ENTRESTO is indicated in adult patients for the treatment of symptomatic chronic heart failure with reduced ejection fraction.1,2
Consider ENTRESTO® as your first choice in place of an ACEi/ARB, wherever your patients are in their chronic HFrEF journey1–15
Patients on ENTRESTO experienced improved QoL, reduced hospitalisations and decreased mortality vs ACEi (enalapril)*1–9
Could your newly diagnosed or hospitalised chronic HFrEF patients benefit from ENTRESTO?‡ Learn more by selecting an option below
There is a wealth of data supporting the use of ENTRESTO in your chronic HFrEF patients3–11
ENTRESTO showed superior efficacy in reducing HF hospitalisations, CV death, and improving QoL, with a generally comparable safety and tolerablity profile vs ACEi (enalapril). More patients experienced hypotension, elevated serum creatinine (≥2.5 mg/dl) and elevated serum potassium (>6.0 mmol/l) with ENTRESTO compared to ACEi (enalapril)§1,2,5–7
ENTRESTO showed improvements in reverse cardiac remodelling, with comparable safety vs ACEi (enalapril); (the primary endpoint was not met in the EVALUATE-HF trial)¶‖9
ENTRESTO was associated with reverse cardiac remodelling and improvements in markers of cardiac function. Safety events were comparable to those reported in previous trials**11
ENTRESTO showed significantly greater reductions in NT-proBNP and exploratory clinical outcomes, with comparable safety vs ACEi (enalapril), when initiated in hospital following haemodynamic stabilisation after an ADHF††,‡‡8
ENTRESTO showed comparable safety and tolerability when initiated pre- or post-discharge following haemodynamic stabilisation after an ADHF§§10
Download the ENTRESTO clinical trial summaries for more information
Summary of the safety profile
The most commonly reported adverse events (AEs) during treatment with ENTRESTO were hypotension (17.6%), hyperkalaemia (11.6%) and renal impairment (10.1%). Angioedema was reported in patients treated with sacubitril/valsartan (0.5%).1,2
Anaemia, hypokalaemia, hypoglycaemia, dizziness, headache, syncope, vertigo, orthostatic hypotension, cough, diarrhoea, nausea, gastritis, renal failure (renal failure, acute renal failure), fatigue, asthenia.1,2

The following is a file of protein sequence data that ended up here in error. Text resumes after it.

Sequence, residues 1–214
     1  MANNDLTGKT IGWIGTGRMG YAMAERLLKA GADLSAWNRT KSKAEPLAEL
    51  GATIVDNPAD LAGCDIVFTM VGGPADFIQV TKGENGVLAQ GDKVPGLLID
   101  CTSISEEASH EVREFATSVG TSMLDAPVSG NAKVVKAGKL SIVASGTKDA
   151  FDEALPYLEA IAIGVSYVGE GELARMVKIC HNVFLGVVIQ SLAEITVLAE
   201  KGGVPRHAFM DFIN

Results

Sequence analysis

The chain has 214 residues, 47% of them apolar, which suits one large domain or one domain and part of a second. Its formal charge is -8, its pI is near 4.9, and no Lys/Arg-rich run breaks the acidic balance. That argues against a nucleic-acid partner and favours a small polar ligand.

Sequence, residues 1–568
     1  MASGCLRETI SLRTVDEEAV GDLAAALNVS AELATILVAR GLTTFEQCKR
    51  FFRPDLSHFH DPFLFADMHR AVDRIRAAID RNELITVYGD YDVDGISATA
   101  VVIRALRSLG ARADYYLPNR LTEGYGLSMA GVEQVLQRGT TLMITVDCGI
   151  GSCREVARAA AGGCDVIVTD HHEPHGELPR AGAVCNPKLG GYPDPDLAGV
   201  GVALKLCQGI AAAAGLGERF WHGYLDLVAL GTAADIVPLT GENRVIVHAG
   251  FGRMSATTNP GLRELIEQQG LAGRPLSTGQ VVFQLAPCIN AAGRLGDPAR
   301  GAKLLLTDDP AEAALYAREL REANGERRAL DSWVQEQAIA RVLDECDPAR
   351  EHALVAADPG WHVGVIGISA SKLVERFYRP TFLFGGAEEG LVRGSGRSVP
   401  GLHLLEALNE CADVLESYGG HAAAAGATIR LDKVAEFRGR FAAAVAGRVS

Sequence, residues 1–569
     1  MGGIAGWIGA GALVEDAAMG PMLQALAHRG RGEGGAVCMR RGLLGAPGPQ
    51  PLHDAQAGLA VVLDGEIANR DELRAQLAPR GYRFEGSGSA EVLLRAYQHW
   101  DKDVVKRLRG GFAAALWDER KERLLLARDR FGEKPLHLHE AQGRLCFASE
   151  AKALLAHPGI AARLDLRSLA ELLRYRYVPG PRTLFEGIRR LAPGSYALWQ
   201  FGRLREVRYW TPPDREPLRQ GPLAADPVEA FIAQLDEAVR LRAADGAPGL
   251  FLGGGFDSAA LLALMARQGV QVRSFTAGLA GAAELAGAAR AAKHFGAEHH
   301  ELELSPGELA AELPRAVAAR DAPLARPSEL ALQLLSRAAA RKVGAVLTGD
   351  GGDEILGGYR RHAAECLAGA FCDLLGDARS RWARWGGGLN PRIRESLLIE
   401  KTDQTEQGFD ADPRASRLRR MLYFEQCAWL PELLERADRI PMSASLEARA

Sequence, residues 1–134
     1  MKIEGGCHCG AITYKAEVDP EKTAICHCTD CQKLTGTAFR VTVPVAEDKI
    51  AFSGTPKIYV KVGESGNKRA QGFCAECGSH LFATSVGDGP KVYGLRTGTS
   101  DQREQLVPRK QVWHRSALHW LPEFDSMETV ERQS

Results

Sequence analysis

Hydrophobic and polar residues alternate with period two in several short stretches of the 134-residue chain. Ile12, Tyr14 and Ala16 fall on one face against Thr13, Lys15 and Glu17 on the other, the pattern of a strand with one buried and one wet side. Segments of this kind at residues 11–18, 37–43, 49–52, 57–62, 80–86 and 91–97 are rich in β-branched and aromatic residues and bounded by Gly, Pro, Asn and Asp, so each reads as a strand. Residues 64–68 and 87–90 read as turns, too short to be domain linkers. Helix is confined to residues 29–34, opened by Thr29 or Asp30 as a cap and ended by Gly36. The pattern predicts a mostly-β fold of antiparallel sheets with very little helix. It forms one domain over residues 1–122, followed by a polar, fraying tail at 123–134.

Very common AE:
Hyperkalaemia, hypotension, renal impairment.1,2
Adverse reactions are ranked by System organ class and then by frequency with the most frequent first, using the following convention: very common (≥1/10); common (≥1/100 to <1/10); uncommon (≥1/1,000 to <1/100); rare (≥1/10,000 to <1/1,000); very rare (<1/10,000).
*DISCLAIMER: Patients in the PIONEER-HF/TRANSITION trials were required to be haemodynamically stablised from an ADHF while in hospital. In a post-hoc analysis of this study, the differences in outcomes of the KCCQ between treatment arms were assessed. Patients in the ENTRESTO group had significantly better adjusted change scores in 7/10 physical and social activities vs enalapril. The largest improvements over enalapril were in household chores (adjusted change score difference, 2.35 [95% CI, 1.19–3.50], P<0.001) and sexual relationships (adjusted change score difference, 2.72 [95% CI: 0.97–4.46], P=0.002); both persisted through 36 months (overall change score difference, 1.69 [95% CI: 0.78–2.60], P<0.001; and 2.36 [95% CI: 1.01–3.71], P=0.001, respectively).7
†Schematic representation of the effect of ENTRESTO on the progression of the disease, based on PARADIGM HF3–6 and PIONEER HF7 trials. PARADIGM HF was a multinational, randomised, double-blind trial comparing ENTRESTO to enalapril in 8442 symptomatic (NYHA Class II IV) HFrEF patients (LVEF ≤40%, amended later to ≤35%). For the primary endpoint, composite of CV death or first HF hospitalisation, ENTRESTO was superior to enalapril (P<0.0001). The median follow-up duration was 27 months.5 A post hoc analysis of PARADIGM HF estimated the long-term treatment effects of ENTRESTO vs enalapril by deriving actuarial estimates of age-specific event rates and expected survival times using data regarding the age at randomisation and the age at the time of an outcome event. Survival analysis was performed using the patients’ age as the time scale (rather than the time since randomisation) to estimate the projected effect of ENTRESTO vs enalapril over the duration of patients’ lifetimes. The effect of treatment on the average duration of event-free survival was estimated by comparing the area under the survival curves.3 PIONEER HF was a prospective, multicentre, double-blind, randomised controlled trial designed to assess the safety, tolerability, and efficacy of in-hospital initiation of ENTRESTO compared with enalapril in 881 adult patients in the United States with HFrEF (EF ≤40% and NT-proBNP ≥1600 pg/mL or BNP ≥400 pg/mL) stabilised during hospitalisation for ADHF. The primary endpoint was time-averaged proportional change in NT-proBNP from baseline through Weeks 4 and 8. An exploratory clinical endpoint was the outcome of a composite of serious clinical events, which included death, rehospitalisation for heart failure, implantation of a left ventricular assist device, and inclusion on the list of patients eligible for heart transplantation.8